B1 Non-refereed journal articles
NOT PARTS, BUT HOLISTIC TOTALITY : Comment on Streib’s “xenosophia” (2024)

Kallio, E. K. (2024). NOT PARTS, BUT HOLISTIC TOTALITY : Comment on Streib’s “xenosophia”. Possibility Studies and Society, Early online. https://doi.org/10.1177/27538699241241556

JYU authors or editors

Publication details

All authors or editorsKallio, Eeva K.

Journal or seriesPossibility Studies and Society


Publication year2024

Publication date28/03/2024

VolumeEarly online

PublisherSAGE Publications

Publication countryUnited Kingdom

Publication languageEnglish


Publication open accessOpenly available

Publication channel open accessPartially open access channel

Publication is parallel published (JYX)https://jyx.jyu.fi/handle/123456789/94253


Recent research shows that there seems to be some preliminary agreement of the definition of wisdom. Two main strands of wisdom research can be identified. On the one hand, it is suggested that wisdom is attained through life experience and self-reflection as a deep self-understanding. On the other hand, multi-perspective openness, flexibility, and orientation toward others are signs of wisdom. Thus, both external and internal realms of the mind are included in the definitions. Streib (2023) emphasizes the latter, as perspective-taking, intellectual humility, moral concern for others are the characteristics of wisdom, and he calls it “xenosophia.” I argue that it is impossible to define wisdom in this way alone, since psychological self-understanding is necessarily required. If there is no inner human change, there can be no outer social change. Both dimensions are necessary in a holistic understanding of wisdom.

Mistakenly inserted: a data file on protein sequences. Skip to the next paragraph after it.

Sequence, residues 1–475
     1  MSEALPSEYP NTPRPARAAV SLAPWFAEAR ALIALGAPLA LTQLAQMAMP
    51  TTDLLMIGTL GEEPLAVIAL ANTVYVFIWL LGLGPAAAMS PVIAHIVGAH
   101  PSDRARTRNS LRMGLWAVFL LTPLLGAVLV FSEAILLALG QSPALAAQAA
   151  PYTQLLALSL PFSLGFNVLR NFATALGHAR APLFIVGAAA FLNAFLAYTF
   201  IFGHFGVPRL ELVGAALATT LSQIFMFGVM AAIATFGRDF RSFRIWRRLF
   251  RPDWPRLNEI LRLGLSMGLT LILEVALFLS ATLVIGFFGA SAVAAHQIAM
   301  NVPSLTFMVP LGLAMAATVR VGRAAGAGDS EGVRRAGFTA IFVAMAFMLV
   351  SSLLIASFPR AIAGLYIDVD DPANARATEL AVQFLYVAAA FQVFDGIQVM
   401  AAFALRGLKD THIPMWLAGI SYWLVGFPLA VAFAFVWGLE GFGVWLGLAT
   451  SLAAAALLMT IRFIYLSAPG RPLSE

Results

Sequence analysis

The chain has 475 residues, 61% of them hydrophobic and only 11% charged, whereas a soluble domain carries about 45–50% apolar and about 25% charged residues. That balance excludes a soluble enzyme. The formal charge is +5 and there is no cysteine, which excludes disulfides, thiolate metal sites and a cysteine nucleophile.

Free keywordsgeneral wisdom; holism; personal wisdom; psychological wisdom research

Contributing organizations

Related projects

Ministry reportingYes

Last updated on 2024-10-04 at 09:50